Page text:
The second line tells about the author being on the edge of the cold lake bank (the subject’s heart), having the tendency or probability to fall. This means that despite the awareness of his/her love’s fate, there is willingness to sacrifice or be hurt just to be in someone’s heart.
**** Submitted in compliance with my graduate class in "Literary Genre." It pays to see what others are writing, but it is even more rewarding to crack the lines on your own so copy at your own risk. :)
Unusual collocates signal the intention of the writer that there is more to text than what we see in the surface. In Tennyson’s “The Eagle”, he wrote, “The wrinkled sea beneath him crawls” which made use of unusual collocations “wrinkled” and “crawl”. Basically, when the word “sea” is used, adjectives like calm, stormy, misty, dangerous, blue, treacherous, salty, clear, icy, turbulent, peaceful, still, shallow, wavy, deep, cold, rough, warm or freezing can be used. Tennyson is describing the sea beyond literal. He might be describing it from a different perspective using personifications “wrinkled” and “crawls”.
Here, I chopped the parts of the line so each will be clearly analyzed:
The wrinkled sea
The use of a determiner “the” means Tennyson is referring to a specific sea. The modifier, an unusual collocate, “wrinkled” for the head, sea, could be his imaginative description of the big waves or even the land surfaces underneath this body of water. It might refer to the rocks, mountain ranges, hills, plateaus, canyons, or basins that can be seen clearly from the bird’s eye view when the water is clear. This could mean that underneath the water, there is irregularity of surfaces.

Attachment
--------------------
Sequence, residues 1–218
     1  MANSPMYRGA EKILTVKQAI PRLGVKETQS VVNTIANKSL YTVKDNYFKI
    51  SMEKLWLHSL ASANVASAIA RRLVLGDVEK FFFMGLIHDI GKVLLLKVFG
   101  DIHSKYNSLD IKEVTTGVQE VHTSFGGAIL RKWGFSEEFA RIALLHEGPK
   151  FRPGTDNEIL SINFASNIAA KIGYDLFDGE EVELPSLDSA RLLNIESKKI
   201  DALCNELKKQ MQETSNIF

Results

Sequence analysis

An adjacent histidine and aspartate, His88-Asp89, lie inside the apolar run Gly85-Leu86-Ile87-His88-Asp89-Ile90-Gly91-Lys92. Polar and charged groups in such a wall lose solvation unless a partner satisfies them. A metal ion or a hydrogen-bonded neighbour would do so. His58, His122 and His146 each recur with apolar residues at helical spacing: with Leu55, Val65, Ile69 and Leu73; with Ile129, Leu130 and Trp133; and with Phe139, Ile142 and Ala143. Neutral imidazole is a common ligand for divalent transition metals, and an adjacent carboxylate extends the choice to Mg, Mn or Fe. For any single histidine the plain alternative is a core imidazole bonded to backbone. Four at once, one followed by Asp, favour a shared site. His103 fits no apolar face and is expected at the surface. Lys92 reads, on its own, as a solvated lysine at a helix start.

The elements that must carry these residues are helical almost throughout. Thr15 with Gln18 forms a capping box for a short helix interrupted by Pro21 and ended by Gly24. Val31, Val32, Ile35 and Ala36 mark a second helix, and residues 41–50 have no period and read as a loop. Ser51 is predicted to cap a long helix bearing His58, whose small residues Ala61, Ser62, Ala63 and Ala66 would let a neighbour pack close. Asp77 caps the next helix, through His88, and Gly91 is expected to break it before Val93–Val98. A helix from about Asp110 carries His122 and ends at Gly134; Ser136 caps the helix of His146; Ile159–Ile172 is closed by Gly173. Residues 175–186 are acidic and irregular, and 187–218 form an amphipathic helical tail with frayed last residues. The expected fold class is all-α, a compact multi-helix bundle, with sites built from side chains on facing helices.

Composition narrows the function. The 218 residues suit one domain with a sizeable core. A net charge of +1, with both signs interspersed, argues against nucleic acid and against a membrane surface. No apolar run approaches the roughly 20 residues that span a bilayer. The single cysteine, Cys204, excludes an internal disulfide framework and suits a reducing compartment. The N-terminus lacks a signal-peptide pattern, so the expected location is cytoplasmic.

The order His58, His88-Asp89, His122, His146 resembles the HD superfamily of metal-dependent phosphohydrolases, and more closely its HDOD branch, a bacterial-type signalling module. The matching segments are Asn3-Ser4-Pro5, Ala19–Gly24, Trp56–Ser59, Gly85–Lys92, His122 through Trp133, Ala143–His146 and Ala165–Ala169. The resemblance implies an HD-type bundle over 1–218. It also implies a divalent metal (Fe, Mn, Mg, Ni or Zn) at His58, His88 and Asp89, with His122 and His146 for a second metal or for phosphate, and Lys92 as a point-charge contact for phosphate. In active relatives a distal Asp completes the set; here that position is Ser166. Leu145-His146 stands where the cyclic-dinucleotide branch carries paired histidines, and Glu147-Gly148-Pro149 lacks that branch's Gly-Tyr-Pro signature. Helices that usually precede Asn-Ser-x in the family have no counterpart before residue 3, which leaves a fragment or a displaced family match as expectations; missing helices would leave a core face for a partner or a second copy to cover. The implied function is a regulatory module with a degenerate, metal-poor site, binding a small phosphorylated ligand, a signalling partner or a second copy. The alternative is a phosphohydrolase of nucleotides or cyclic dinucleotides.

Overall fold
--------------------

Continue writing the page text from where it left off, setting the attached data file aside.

In addition, with “wrinkled” being a human quality, this could mean old age and the sea, representing a person rather than a body of water. Tennyson might be talking about old persons, having different attributes and struggles.
This qualifier, a preposition, describes the position of the eagle as represented by the pronoun, him. The eagle is flying directly over the sea. It might have been flying so high that the sea waves looked wrinkled rather than wavy or turbulent. This would mean, however, seeing only the over-all picture from above but not the smaller details when one is close to the water.
The usage of this pronoun to refer to the eagle can also mean that it was given an attribute of masculinity and with it comes the qualities power, superiority or strength. Tennyson might be referring to a leader or someone who belongs to a higher stratum, thus giving it the privilege to see things from above or be higher than the others.